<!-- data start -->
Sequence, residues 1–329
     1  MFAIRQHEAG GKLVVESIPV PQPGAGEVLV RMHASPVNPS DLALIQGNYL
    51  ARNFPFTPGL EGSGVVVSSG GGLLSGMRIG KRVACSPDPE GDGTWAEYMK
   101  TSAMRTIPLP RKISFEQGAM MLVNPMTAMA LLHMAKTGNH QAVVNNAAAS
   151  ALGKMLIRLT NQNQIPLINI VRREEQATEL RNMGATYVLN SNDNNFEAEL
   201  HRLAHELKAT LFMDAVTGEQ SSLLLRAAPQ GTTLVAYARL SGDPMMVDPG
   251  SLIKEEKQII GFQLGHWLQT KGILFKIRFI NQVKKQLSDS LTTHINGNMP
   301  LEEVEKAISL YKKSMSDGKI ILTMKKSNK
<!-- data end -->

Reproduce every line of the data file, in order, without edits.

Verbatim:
Sequence, residues 1–329
     1  MFAIRQHEAG GKLVVESIPV PQPGAGEVLV RMHASPVNPS DLALIQGNYL
    51  ARNFPFTPGL EGSGVVVSSG GGLLSGMRIG KRVACSPDPE GDGTWAEYMK
   101  TSAMRTIPLP RKISFEQGAM MLVNPMTAMA LLHMAKTGNH QAVVNNAAAS
   151  ALGKMLIRLT NQNQIPLINI VRREEQATEL RNMGATYVLN SNDNNFEAEL
   201  HRLAHELKAT LFMDAVTGEQ SSLLLRAAPQ GTTLVAYARL SGDPMMVDPG
   251  SLIKEEKQII GFQLGHWLQT KGILFKIRFI NQVKKQLSDS LTTHINGNMP
   301  LEEVEKAISL YKKSMSDGKI ILTMKKSNK